Polypropylene (PP) is a commonly used thermoplastic polymer with excellent properties such as chemical inertness, lightweight, low cost, and easy processing. Despite these benefits, it has some disadvantages, such as small impact resistance and stiffness and low thermal stability [79, 80]. Thermal and mechanical properties of plastics can be significantly improved using fillers. Natural fibers are currently getting considerable attention as a new advanced material for application in automotive, building and packaging industries. The main advantage is biodegradability, sustainability, low cost, low density, high strength and lower abrasiveness. However, due to their hydrophilic nature, the natural fibers have poor compatibility with the polymer matrix, poor water resistance and produce low-performance materials. The University of Toronto has overcome several of these problems in interfacial adhesion for natural fiber composites, developing the composite that has excellent fiber dispersion on the PP matrix with excellent compatibility between the fibers and polymer . Low thermal stability of the natural fibers can lead to the decomposition during material processing, which limits their applications significantly.
 H. S. Tzou, “Multifield Transducers, Devices, Mecha- tronics Systems and Structronic Systems with Smart Ma- terials,” The Shock and Vibration Digest, Vol. 30, No. 4, 1998, pp. 282-294. doi:10.1177/058310249803000402  S. S. Rao and M. Sunar, “Piezoelectricity and Its Use in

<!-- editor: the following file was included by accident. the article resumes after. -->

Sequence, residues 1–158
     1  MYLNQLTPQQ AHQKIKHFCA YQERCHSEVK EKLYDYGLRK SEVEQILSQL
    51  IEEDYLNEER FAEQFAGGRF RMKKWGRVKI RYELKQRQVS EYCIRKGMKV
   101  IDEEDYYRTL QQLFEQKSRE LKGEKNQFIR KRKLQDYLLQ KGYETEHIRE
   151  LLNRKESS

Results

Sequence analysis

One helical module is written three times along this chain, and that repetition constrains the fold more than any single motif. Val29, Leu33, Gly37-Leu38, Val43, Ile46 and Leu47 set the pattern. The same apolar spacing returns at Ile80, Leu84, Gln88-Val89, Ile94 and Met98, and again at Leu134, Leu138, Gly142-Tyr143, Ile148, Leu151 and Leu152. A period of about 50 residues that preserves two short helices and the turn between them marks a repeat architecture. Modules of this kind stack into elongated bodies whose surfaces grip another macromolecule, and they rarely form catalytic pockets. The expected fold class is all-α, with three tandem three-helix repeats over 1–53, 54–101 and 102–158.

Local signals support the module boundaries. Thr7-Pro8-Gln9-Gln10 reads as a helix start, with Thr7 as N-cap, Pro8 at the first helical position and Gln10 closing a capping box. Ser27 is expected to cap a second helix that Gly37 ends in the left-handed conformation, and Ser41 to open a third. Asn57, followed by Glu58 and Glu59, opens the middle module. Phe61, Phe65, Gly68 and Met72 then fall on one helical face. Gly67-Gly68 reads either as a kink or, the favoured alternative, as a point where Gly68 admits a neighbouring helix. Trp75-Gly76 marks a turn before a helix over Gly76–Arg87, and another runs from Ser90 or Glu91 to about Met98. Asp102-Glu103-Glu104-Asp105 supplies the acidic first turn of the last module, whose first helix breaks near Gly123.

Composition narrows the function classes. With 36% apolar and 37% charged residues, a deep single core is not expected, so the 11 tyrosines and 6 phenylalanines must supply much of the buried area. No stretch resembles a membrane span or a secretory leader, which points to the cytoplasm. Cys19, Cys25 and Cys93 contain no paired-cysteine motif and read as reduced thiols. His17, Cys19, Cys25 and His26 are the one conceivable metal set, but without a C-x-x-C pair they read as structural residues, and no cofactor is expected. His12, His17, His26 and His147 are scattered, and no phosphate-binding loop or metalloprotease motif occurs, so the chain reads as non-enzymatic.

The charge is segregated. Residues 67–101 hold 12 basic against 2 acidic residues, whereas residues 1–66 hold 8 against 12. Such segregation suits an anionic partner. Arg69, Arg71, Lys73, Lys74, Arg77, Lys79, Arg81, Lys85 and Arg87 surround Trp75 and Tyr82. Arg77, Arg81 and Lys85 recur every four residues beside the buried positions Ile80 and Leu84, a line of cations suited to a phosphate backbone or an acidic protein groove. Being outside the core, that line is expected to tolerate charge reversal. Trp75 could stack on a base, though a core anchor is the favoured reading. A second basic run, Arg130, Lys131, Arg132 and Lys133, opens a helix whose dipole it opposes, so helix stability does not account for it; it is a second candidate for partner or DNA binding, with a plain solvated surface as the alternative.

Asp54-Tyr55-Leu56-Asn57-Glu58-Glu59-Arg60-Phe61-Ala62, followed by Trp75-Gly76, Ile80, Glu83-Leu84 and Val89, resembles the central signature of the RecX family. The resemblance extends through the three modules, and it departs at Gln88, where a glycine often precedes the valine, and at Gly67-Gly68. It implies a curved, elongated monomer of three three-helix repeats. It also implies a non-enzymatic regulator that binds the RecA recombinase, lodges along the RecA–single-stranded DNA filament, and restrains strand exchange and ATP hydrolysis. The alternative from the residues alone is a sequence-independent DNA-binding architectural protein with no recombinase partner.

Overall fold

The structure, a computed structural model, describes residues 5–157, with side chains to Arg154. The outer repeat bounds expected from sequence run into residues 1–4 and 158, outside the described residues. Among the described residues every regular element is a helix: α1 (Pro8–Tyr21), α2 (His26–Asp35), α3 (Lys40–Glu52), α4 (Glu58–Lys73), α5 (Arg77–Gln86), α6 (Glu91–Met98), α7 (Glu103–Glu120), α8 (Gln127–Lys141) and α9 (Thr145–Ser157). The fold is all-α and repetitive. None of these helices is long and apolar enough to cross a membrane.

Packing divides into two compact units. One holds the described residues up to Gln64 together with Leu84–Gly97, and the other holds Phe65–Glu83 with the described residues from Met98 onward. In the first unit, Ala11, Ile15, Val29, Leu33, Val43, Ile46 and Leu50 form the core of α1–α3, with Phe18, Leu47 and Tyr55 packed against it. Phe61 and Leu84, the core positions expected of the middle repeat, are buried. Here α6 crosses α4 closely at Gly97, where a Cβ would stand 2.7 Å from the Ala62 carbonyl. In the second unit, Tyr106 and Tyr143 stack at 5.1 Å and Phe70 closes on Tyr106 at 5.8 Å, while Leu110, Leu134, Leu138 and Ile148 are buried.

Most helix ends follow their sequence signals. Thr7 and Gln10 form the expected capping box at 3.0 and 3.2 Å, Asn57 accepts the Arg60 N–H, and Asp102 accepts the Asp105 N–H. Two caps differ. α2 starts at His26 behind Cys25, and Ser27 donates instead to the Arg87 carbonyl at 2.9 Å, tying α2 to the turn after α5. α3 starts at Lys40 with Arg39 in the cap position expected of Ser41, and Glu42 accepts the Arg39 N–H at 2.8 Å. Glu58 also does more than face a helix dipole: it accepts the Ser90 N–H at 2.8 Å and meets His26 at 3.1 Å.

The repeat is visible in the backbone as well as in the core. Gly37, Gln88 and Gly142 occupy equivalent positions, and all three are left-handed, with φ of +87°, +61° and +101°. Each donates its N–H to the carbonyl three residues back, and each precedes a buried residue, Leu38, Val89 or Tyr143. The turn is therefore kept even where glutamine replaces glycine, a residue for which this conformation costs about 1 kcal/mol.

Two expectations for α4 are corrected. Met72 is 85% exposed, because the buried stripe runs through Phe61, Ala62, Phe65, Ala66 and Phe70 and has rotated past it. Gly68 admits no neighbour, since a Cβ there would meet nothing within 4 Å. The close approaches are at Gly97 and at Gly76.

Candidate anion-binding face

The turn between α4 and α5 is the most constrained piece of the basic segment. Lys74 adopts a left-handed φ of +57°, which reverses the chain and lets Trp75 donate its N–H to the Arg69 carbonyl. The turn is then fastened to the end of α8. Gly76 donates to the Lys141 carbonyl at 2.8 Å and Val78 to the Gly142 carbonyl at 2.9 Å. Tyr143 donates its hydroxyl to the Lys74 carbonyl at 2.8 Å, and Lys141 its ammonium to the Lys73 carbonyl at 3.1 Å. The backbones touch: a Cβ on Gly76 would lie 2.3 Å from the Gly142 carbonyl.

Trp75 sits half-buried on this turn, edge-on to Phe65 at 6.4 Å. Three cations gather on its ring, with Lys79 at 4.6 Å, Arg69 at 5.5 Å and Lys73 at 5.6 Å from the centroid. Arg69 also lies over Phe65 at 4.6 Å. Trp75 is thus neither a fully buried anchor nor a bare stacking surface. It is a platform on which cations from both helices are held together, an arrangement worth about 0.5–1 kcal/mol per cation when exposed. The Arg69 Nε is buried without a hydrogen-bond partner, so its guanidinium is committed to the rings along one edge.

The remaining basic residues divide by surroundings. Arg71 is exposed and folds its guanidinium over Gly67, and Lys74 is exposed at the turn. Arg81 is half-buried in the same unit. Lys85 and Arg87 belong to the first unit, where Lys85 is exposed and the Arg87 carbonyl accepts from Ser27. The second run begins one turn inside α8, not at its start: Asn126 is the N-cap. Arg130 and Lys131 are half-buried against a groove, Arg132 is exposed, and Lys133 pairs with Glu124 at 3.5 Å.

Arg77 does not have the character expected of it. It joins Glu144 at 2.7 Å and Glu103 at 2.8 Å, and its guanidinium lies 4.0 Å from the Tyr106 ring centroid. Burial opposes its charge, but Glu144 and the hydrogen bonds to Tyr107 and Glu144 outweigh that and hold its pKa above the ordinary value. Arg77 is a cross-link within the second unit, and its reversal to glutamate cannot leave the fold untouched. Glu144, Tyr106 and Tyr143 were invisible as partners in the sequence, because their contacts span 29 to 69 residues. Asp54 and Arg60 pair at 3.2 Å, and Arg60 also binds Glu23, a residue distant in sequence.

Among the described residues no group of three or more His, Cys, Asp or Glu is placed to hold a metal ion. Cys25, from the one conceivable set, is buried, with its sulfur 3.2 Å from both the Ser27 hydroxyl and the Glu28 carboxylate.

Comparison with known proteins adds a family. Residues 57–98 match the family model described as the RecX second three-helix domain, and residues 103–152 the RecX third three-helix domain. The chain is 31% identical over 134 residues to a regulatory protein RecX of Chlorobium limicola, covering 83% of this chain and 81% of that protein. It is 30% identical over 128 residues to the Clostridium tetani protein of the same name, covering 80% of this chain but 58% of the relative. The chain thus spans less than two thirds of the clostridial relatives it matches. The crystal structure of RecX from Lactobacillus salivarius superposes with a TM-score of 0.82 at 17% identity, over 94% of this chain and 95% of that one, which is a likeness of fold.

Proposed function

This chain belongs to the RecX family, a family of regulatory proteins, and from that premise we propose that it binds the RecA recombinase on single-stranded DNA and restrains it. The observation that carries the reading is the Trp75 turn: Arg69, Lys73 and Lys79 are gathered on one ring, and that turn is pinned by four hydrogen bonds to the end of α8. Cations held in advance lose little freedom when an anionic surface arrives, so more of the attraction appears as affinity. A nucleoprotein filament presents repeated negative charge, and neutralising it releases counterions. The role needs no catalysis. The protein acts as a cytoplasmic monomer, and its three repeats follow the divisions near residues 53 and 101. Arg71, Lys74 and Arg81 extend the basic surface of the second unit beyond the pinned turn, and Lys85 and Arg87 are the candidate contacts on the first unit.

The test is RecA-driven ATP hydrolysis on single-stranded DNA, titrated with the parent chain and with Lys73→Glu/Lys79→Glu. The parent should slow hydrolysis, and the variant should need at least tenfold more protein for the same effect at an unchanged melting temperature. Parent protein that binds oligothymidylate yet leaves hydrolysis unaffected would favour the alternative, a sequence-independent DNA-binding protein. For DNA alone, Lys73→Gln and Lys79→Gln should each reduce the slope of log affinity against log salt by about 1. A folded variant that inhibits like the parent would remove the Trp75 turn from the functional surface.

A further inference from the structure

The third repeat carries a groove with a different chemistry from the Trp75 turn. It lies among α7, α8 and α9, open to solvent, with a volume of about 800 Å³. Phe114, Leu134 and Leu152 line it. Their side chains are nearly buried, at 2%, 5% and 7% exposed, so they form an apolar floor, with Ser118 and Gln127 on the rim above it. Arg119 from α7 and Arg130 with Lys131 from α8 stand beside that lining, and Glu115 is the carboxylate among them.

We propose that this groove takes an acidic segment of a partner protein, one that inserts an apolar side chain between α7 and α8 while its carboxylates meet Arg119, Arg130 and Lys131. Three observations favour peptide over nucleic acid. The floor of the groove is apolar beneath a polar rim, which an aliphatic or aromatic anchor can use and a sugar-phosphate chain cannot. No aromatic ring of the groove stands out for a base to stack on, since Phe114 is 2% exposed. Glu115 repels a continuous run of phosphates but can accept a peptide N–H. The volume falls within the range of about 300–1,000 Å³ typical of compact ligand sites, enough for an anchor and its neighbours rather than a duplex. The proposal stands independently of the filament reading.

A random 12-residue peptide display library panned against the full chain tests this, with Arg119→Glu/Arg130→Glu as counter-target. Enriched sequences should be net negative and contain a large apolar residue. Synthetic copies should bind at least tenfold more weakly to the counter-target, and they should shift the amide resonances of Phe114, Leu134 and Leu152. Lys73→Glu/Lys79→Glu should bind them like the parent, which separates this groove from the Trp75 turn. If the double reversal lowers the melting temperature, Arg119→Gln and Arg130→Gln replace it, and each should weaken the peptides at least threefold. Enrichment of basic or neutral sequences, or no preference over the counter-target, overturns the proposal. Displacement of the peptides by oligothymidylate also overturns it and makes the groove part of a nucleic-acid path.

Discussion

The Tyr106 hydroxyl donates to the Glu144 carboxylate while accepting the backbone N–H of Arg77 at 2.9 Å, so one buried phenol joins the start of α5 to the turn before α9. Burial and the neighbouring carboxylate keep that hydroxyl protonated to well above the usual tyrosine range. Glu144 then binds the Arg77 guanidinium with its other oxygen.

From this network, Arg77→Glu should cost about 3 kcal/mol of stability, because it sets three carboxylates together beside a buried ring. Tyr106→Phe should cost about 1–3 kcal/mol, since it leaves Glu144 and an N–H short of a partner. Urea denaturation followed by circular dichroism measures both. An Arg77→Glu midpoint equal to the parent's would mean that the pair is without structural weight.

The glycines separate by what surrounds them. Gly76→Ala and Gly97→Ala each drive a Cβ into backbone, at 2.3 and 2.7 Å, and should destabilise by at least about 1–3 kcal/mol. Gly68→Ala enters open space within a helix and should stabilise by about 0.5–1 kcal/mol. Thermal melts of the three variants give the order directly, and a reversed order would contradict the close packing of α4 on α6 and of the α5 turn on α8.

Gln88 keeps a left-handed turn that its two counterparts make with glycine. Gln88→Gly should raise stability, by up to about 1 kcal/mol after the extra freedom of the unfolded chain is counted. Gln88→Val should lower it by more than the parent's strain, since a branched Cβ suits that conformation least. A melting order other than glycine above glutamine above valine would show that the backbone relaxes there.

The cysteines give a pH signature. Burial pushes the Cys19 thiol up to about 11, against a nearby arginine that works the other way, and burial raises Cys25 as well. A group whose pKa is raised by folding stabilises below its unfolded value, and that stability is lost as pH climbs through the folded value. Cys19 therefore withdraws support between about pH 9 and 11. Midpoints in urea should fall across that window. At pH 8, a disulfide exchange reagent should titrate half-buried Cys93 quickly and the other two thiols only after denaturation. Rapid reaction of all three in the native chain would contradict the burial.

isting condition of generalized quantum entanglement (GQE) between all exist- ing particles in a physical system, usually extremely weak because of the huge en- tropy, rises when a myriad of group of particles are conditioned to have the same quantum state (local entropy reduction) via a strong local field such as electric or magnetic one, for example. In the present work we report that the anomalous forces verified can be microscopically originated from the state of generalized quan- tum entanglement of their particles, in a manner similar to the anomalous effects analyzed in other physical systems mainly based on dipoles, dielectric materials and superconductors. The difference between the anomalous effect raised from piezoelectric materials and each previous physical system analyzed is in the type of the source device and the nature of the effect. For instance, in case of capaci- tors under high voltage, it appears on them an upward anomalous force decreas- ing their apparent weight and in case of superconductors and diode laser beams it is produced a field of forces at distance in the surroundings.